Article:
Both projects are still in the start-up phase. It is still too early to report outcomes, except that the artificial structures can indeed be a hotspot for biodiversity. ‘For now, we are mainly developing and testing new techniques and methods,’ says Coolen. Colleagues are modelling other issues, such as the impacts of wind farms – in which fishing is not allowed – on the fishing industry. Perhaps these areas can function as a breeding ground for fish, allowing stocks to recover.

But even if the new biodiversity has no direct economic benefits, this work is definitely worth the effort, says Coolen: ‘The intrinsic value of this biodiversity is enormous. With artificial structures we can restore a small part of what we have lost in past centuries.’

The value of nature

Nature provides us with a wide range of indispensable products and services, from clean water, wood, food and medicines to oxygen production, carbon absorption, water purification and coastal protection – but also health, relaxation, inspiration and cultural identity. To protect those services effectively, and convince policymakers of their necessity, these matters need to be made explicit. In other words: it has to be clear what those services yield to us, as well as what the flip side is: what we would lose, or what we would have to spend, if we were to lose those services.

This, however, is no easy task. After all, what is clean air worth? What’s the price tag on a rainforest? Are measures to combat climate change truly cost-effective?

‘These questions are very difficult to answer,’ says Jeanne Nel, head of WUR’s Biodiverse Environment programme, ‘because nature does not only have value in monetary terms. People appreciate nature for all sorts of different reasons.’

Read more: 'The value of nature'

Those reasons roughly fall into three categories, she explains. ‘First of all, nature has an intrinsic value: nature for nature’s sake,’ says Nel. ‘In addition, nature has relational value. Humans have a relationship with nature – and with each other and their past through nature. We derive identity, inspiration and relaxation from nature, which is part of our culture. And finally, there is the value that nature has for society, for example in the form of food, building materials, medicines, and clean air and water.’

Those are not the only ways to appreciate nature, the researcher emphasises. There are reasons we may not even know about. ‘Many people tend to only look at the ‘nature for society’ value, and want to express it in terms of money,’ she says. ‘But such a narrow approach to the concept of ‘value’ contributes directly to the decline of biodiversity. That is also the position of the UN’s Intergovernmental Panel on Biodiversity and Ecosystem Services, say, the IPCC of biodiversity.’

Together with several partners, Wageningen is working on the so-called Nature Futures Framework, which further elaborates these three categories. ‘On the relational level, we investigate, for example, how local food initiatives connect people with their living environment,’ says Nel. ‘And in the field of value for society, we participate in so-called Ecosystem Accounting. This is a method that makes explicit how ecosystem services contribute to economic growth. This method immediately shows that too much economic growth may come at the expense of ecosystem services, and is therefore not sustainable.’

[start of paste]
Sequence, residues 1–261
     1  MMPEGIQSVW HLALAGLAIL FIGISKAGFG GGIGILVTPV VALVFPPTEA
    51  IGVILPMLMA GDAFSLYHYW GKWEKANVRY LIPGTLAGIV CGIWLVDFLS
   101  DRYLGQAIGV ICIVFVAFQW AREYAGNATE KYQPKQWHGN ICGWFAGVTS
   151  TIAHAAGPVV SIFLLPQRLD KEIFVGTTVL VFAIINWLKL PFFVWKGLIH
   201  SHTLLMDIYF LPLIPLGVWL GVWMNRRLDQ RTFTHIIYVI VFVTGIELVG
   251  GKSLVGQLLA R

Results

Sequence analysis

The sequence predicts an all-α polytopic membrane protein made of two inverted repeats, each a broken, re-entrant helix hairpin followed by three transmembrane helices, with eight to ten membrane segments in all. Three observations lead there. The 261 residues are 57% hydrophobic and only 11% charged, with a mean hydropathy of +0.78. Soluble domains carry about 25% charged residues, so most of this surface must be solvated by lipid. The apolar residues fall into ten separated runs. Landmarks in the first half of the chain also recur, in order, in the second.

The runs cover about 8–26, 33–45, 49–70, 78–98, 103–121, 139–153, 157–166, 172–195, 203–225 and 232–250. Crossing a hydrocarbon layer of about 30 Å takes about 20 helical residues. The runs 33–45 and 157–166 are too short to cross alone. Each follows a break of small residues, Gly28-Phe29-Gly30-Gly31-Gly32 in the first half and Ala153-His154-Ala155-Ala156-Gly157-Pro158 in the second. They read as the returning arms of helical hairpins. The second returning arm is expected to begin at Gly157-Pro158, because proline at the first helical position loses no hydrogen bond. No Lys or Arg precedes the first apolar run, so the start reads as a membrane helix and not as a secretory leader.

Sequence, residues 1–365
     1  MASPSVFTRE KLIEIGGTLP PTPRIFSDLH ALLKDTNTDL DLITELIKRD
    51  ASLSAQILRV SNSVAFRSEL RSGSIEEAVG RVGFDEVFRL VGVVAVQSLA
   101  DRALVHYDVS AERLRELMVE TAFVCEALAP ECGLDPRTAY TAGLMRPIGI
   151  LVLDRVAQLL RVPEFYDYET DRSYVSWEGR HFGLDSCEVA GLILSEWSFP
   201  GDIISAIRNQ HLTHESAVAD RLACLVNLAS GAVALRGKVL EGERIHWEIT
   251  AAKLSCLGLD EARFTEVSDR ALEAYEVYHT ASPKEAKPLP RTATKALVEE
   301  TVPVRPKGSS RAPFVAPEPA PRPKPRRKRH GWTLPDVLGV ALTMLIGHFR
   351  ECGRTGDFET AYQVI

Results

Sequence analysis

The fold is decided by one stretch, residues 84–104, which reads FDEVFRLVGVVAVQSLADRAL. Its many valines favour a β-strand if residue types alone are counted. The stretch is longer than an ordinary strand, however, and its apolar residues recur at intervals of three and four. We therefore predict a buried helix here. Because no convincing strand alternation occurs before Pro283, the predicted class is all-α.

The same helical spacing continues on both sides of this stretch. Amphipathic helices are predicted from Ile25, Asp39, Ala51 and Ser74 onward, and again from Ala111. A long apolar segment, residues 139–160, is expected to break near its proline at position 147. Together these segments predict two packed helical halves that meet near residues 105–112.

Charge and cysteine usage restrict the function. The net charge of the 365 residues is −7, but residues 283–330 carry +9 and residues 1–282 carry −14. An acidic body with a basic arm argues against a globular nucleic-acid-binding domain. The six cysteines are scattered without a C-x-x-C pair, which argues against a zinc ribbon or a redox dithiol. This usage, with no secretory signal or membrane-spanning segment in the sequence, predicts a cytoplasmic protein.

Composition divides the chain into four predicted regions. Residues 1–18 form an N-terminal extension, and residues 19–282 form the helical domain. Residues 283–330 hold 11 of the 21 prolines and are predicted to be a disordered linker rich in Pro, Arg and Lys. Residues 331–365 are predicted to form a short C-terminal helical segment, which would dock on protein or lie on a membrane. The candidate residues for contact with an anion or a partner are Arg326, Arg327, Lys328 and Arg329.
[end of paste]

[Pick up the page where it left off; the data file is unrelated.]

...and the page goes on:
The question is not so much putting a price tag on nature, emphasises Nel. ‘It is more about showing the impact of certain economic activities on biodiversity – and thus the real price of those activities. The point is that we should always take into account all costs when we debate whether something is worthwhile from an economic point of view. This also includes environmental damage.’

Importantly, we should not just focus on measuring this damage in the field, Nel concludes. ‘We should also map out the underlying motives – namely the ways in which we value nature as a society,’ she clarifies. ‘If you make this explicit, also for a wider audience, then people can make better decisions: decisions based on all aspects of nature that are important to us.’

Knowledge and involvement among younger generations

‘In order to protect biodiversity, it is important that different stakeholders work together – including citizens,’ says Rebekah Tauritz, researcher in nature and sustainability education at WUR. ‘Three conditions are important here,’ she says. ‘People need to know what biodiversity is, they need to have the skills to take effective action, and they need to be really touched by the issues at hand. In other words, they need to be engaged at the level of their emotions and attitudes.’